Why the homeownership rate among young adults remains low

by Andrew Morrell

At just over 64 percent, the national homeownership rate among U.S. adults remains stubbornly low. For young adults between the ages of 25 and 34, the rate is even lower than it was less than a generation ago, but precisely why hasn’t been clear.

With the release of a new study, researchers from Freddie Mac sought to chart the homeownership rate among Americans younger than 35, as well as understand why it remains far below its historical average, and whether that trend looks likely to continue into the future.

Using data between 2000 and 2016, Freddie Mac economists created a statistical model that concluded the rising cost of homeownership was not only the primary factor behind reduced homeownership rates among young adults — it represented half of the entire problem.

“To put this in perspective, around 700,000 young adults did not buy a home between 2000 and 2016 because of increases in inflation-adjusted home prices and rents,” the report explained. The declining marriage and fertility rate was found to be the second-biggest contributor, removing 300,000 young adults from the homeownership ranks in 16 years. The young adult homeownership rate in 2016 was about 8.2 percent lower than in 2000.

While the cost of purchasing a home is bound to rise over time, so is personal income in times of economic growth. The problem, according to the Freddie Mac report, is that incomes have not increased as quickly as home prices. That’s true even though seemingly small changes in household income have a big effect on homeownership for young adults.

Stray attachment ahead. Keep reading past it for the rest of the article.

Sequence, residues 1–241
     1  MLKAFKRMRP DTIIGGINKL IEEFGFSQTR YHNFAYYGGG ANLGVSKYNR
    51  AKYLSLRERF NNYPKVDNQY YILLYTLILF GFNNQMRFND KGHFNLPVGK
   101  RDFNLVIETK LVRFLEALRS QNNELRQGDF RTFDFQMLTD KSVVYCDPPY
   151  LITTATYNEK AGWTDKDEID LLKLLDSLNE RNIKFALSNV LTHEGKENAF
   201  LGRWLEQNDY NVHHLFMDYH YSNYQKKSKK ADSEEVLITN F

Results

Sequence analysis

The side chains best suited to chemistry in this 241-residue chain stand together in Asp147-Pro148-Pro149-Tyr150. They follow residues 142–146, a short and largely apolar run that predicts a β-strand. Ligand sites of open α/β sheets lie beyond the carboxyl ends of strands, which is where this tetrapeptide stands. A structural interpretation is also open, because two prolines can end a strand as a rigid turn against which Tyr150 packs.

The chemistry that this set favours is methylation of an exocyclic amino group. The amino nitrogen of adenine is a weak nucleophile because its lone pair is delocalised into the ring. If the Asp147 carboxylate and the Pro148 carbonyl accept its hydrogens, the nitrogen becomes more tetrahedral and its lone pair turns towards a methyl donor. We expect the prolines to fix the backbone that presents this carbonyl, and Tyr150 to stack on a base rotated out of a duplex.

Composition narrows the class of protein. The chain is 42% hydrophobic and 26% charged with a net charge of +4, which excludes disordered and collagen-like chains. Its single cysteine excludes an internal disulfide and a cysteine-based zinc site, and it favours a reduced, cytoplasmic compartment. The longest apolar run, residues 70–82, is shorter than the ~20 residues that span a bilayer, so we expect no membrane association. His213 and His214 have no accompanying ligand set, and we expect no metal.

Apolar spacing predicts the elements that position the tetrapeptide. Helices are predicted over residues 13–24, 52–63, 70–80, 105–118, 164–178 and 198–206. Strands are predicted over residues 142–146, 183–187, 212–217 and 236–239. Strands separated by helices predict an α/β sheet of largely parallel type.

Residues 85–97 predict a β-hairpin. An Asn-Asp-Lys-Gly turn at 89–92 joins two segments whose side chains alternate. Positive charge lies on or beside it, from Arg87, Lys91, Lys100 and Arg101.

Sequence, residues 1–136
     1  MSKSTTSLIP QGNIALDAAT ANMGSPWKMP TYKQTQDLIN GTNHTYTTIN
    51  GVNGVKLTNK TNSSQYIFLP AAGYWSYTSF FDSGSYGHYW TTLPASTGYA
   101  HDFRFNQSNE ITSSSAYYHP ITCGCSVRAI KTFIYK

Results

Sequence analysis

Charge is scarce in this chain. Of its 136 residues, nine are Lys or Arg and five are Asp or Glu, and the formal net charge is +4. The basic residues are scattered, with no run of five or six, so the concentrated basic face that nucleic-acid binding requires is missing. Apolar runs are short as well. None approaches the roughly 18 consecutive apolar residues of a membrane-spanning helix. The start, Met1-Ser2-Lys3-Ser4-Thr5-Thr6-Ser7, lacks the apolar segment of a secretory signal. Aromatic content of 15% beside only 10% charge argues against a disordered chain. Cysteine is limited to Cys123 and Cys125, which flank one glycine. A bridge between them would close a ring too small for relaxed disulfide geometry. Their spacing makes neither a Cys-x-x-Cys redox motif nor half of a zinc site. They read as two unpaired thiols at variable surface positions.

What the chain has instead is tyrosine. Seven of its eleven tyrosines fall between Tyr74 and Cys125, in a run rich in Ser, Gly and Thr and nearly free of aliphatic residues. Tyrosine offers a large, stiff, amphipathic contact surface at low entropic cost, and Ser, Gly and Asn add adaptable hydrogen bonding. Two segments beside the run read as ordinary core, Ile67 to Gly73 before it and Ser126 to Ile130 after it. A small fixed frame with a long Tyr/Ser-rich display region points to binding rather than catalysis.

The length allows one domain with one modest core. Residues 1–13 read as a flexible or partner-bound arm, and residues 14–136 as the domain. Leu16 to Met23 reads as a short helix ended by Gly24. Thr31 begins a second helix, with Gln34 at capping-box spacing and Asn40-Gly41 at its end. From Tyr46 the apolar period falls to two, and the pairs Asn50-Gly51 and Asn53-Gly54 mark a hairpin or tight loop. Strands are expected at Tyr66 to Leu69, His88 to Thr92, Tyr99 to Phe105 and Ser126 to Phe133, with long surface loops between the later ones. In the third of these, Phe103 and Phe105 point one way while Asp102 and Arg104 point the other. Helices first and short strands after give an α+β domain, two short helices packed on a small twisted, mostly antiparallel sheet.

For example, Freddie Mac’s statistical model found that for every 1 percent increase in income, a young adult was around 11 percent more likely to be a homeowner. Even the source of that income could matter — the model also found that self-employed young adults were 5 percent more likely than average to be homeowners.

With this data sorted out, researchers were able to estimate where the homeownership rate among young adults was headed. Under the best-case scenario, in which income rises faster and home prices moderate, Freddie Mac projected less than a 1 percent increase in the homeownership rate for young adults by 2025 — from 37.5 percent in 2016 to 38.3 percent. On average, however, their model projects the rate to continue falling slightly, while under pessimistic predictions, it drops more than 3 percent between 2016 and 2025.

A few other interesting insights pulled from the report:

  • The cost of buying a home has tended to increase quickly for young adults because more are moving to expensive urban areas. According to Freddie Mac, the share of young adults living in metro areas grew from 63 percent in 2000 to 82 percent in 2016.
  • Young American adults born outside the U.S. were considered 11 percent less likely to be homeowners than natural-born citizens of the same age, according to Freddie Mac’s model. However, this effect tends to diminish the longer foreign-born young adults have resided in the U.S.
  • If trends had continued, around 1.6 million more young adults would have become homeowners between 2000 and 2016, according to the study.
  • Around 13 percent of the young adult homeownership gap cannot be explained under Freddie Mac’s model. “This remaining portion of the gap may be due to unmeasured characteristics such as preferences, creditworthiness, borrowing constraints, disparity in financial wealth across groups and student debt,” the report said.
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